Can anyone tell me the pros and cons of the retirement visa and the 6 month visa.
If I choose to move to Bali on a 6 month visa will I have difficulty finding a long term rental.
The "six month" visa is usually a social visa (Social Budya)- but as far as I know, it allows you to stay for 2 months, then renew monthly up to a total of 6 months. There are certain conditions that would be best explained by a good agent, as requirements change all the time.
Some people here come on a VOA, extend it for a further 30 days, then nip of to Singapore for a visa run and re-enter with another VOA.
Neither the social visa, or VOA are really good if you have a stickler for a landlord, but many are prepared to overlook any residency requirements because they stand to make money. The risk for you is that you need to pay 12 months in advance for your villa lease - but is something goes wrong and you have difficulty re-entering, the landlord will simple keep the balance.
The Retirement Visa gives you 12 months, but again there are conditions attached, such as needing insurance, a sponsor (your agent can legally sponsor you, evidence of sufficient funds to live here for 12 months (minimum of 18,000 USD savings) etc. And of course, legally, you cannot work while in Indonesia. Also, living here for more than 182 days in any calendar year triggers a tax liability.
One alternative is a 12 month Multiple Entry Business Visa - but again this needs to be renewed every few months and may require you to do an occasional Visa Run.
Rules often change before the ink is dry on the previous rules, so you will get much conflicting advice from people here simply because everyone's residency conditions may well have been slightly different at the time they were processed.
My advice is to get a good agent who will guide you through the options and help you follow the sometimes intricate steps you need to take. They are worth every rupiah you pay them ...!
Thanks for that.
One thing puzzles me, I was not aware that my pension would be taxed in Bali. Is the pension taxed or is it other income?
I am tossing up between Thailand and Indonesia and I am not yet 100% positive but it seems that long term rental housing in Bali is almost the same as here in OZ. Would you agree, or am I just not seeing the right web page. In reality I could only find one estate agent that was not advertising holiday rentals.
The tax thing is tricky. Technically you pay tax in Indonesia on your world-wide income (same as in Australia). However, Indo and Aus have a bi-lateral tax treaty, meaning you cannot pay tax twice for the same income. Most people would keep their home country income confidential and not declare it to the Indo tax authorities for obvious reasons. If you are ever pinged in Indo for supposedly not declaring overseas income, your defence is that ex-Indonesian income is already being taxed, and therefore is not required to be declared. At the very worst, you just show a copy of your ATO Tax assessment which proves tax have been already paid in the country of origin, and the problem goes away.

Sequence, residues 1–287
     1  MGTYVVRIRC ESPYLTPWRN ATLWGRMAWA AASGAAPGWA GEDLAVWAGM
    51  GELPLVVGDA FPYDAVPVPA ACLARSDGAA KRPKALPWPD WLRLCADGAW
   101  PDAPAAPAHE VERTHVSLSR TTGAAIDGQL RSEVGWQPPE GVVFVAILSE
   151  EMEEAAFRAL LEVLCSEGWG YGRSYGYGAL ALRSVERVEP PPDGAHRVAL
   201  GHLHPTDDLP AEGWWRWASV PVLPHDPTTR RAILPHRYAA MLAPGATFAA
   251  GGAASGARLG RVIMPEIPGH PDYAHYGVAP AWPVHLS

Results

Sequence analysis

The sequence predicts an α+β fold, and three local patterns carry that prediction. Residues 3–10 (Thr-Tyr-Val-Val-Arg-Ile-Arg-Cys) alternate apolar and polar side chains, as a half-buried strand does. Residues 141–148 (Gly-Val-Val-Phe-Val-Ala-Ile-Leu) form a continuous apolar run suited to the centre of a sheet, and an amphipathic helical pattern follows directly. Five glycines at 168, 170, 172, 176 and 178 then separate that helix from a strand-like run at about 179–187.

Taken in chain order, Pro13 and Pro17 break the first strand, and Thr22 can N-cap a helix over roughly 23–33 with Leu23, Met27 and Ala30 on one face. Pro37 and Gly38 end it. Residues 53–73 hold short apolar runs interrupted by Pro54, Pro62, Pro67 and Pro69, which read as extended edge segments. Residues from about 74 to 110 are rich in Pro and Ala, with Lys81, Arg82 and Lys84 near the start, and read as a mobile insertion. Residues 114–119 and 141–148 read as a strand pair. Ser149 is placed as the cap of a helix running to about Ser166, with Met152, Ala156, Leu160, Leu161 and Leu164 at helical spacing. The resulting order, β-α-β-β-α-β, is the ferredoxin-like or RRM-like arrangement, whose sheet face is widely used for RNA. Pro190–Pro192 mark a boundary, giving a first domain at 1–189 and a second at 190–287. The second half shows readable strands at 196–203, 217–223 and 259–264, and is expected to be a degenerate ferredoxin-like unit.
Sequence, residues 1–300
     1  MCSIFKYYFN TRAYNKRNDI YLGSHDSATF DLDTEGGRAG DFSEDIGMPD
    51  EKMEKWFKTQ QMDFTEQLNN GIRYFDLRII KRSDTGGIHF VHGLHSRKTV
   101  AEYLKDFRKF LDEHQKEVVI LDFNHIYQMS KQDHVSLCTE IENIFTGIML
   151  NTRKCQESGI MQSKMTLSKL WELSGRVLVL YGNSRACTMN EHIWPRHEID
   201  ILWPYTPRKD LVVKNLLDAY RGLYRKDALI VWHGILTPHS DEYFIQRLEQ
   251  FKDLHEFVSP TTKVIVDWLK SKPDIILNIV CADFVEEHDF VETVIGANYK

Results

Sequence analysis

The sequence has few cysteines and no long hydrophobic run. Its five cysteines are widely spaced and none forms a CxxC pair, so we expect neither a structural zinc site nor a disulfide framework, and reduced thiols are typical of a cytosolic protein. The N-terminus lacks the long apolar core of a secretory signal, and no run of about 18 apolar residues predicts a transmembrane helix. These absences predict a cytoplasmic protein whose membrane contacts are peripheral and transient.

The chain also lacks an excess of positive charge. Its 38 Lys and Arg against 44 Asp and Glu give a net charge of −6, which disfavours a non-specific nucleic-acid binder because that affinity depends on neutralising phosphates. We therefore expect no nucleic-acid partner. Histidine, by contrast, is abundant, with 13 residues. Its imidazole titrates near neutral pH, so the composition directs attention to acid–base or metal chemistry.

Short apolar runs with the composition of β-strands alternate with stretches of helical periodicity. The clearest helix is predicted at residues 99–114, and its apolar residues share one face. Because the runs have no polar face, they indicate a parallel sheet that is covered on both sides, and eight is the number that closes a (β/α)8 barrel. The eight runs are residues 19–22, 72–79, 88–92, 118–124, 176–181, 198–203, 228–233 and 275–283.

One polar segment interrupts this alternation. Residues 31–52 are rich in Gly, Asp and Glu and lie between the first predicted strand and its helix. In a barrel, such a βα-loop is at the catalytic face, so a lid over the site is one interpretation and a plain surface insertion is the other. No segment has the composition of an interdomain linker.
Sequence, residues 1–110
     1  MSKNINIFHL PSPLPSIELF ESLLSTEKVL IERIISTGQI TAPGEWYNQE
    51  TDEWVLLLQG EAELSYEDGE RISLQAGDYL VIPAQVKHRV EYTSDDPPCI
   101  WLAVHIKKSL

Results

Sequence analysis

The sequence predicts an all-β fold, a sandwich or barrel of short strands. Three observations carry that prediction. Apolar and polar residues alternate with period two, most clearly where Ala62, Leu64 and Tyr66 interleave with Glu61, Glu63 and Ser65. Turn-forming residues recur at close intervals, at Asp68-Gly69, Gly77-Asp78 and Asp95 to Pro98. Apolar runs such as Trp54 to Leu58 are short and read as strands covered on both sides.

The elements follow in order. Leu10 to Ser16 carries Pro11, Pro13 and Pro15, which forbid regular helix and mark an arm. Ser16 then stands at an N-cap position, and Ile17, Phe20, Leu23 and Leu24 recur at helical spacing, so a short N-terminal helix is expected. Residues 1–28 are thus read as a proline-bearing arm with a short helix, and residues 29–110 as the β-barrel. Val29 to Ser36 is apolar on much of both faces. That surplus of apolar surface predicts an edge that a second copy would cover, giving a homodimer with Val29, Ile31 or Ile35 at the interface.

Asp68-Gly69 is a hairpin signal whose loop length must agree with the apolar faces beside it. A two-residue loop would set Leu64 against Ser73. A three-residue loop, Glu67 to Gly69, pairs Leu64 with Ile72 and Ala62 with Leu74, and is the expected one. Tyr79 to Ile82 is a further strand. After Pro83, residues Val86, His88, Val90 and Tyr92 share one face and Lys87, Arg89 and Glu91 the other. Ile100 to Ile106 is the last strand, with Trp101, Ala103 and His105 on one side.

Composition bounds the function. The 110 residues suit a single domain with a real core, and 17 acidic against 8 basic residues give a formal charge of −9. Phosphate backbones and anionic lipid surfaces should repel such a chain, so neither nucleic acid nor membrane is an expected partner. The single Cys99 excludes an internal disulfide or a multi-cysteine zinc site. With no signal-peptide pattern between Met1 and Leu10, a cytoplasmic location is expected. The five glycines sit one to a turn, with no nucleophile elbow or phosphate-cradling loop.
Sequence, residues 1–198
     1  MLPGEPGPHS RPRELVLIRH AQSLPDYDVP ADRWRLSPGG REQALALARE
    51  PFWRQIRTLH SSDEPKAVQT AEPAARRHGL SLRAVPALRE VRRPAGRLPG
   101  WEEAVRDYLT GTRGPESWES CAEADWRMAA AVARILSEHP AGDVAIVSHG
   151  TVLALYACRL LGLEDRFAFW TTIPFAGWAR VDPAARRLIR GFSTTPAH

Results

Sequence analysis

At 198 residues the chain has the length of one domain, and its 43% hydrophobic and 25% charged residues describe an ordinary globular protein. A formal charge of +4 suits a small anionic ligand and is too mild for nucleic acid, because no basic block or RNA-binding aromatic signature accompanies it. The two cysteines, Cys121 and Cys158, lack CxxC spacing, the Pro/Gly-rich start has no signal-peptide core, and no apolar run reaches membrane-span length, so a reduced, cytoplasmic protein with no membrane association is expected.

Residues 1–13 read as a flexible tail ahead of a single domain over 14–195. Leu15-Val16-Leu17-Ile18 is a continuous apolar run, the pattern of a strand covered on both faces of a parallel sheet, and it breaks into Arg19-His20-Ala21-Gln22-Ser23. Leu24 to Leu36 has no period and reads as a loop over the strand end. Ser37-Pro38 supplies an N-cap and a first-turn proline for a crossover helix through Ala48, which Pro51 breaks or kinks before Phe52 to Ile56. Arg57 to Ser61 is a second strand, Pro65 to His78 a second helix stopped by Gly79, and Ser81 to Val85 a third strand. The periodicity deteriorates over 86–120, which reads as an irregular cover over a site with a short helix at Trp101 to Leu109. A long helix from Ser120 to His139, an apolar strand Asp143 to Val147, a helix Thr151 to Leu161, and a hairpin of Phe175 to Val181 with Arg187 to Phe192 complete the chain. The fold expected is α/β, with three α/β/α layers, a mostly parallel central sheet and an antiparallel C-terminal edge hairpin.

Re accommodation prices - greed is rampant in Bali, whether it's expat house "owners" (foreigners, of course can't legally own land in Indonesia or local landlords. Costs vary dramatically according to location. Long-term rental in an area such as Seminyak tends to be expensive because the owner can get a lot for multiple short-term rentals, which drives up the asking price. It also depends on the style of place you want to live in - a Western-style villa with all the mod-cons, garden and swimming pool will set you back a lot more than a simple, older place without a pool.
Look at the Bali Advertiser classifieds to get an idea of prices vs location:baliadvertiser.biz
There are some reasonable small agents and house brokers around as well. Using the splashy high-profile companies generally means you only get to see the over-priced and badly built show-pieces that look great in magazines but are often nightmares to live in.
Best strategy for you is to come over for 2-3 weeks on a VOA and spend the time 1) attending to the residency permit requirements, and 2) getting to know some of the better local agents and looking around for suitable properties and locations.
You are a very help chap.
One more question. Approx what should one budget for two adults weekly household expense? I.e Groceries and cleaning etc. We would probably eat more local type food with maybe 25% western.
I am flying to Bali for a very quick look see on Friday 28th and leaving Monday 31st and want to try to suss out as much as I can but don't thing household expenses is something I will be able to do.
PS. Vyt is a name I have never heard before, what nationality would that be?